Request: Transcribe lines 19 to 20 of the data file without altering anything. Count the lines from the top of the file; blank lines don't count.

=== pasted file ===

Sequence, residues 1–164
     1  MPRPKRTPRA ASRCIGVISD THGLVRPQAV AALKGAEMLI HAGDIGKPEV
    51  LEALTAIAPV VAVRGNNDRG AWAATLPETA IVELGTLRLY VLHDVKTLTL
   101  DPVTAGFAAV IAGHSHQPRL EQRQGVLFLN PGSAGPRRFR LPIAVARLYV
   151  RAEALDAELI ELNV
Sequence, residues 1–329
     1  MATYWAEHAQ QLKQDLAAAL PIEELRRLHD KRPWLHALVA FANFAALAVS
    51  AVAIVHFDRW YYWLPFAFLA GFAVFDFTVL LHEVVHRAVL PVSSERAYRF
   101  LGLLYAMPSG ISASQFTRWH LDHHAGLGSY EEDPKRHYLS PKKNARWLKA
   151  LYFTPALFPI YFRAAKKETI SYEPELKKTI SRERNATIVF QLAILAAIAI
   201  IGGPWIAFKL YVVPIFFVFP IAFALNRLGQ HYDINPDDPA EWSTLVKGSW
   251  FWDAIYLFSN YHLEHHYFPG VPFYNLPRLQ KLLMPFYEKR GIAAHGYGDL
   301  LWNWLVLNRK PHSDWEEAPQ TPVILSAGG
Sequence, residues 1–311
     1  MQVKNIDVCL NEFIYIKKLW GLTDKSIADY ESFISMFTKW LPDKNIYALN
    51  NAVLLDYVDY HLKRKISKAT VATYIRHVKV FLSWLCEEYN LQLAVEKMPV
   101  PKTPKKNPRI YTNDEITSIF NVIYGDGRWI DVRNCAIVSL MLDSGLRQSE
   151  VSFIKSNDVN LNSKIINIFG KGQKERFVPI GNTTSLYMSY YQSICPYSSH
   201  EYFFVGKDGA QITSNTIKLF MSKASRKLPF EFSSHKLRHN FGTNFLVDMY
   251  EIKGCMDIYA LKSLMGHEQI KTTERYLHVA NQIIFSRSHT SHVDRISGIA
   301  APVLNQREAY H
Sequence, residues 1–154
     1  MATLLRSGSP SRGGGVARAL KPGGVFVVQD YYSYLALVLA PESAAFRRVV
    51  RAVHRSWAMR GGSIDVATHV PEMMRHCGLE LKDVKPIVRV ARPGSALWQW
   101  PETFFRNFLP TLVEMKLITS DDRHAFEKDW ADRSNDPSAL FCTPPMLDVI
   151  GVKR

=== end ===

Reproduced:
   201  EYFFVGKDGA QITSNTIKLF MSKASRKLPF EFSSHKLRHN FGTNFLVDMY
   251  EIKGCMDIYA LKSLMGHEQI KTTERYLHVA NQIIFSRSHT SHVDRISGIA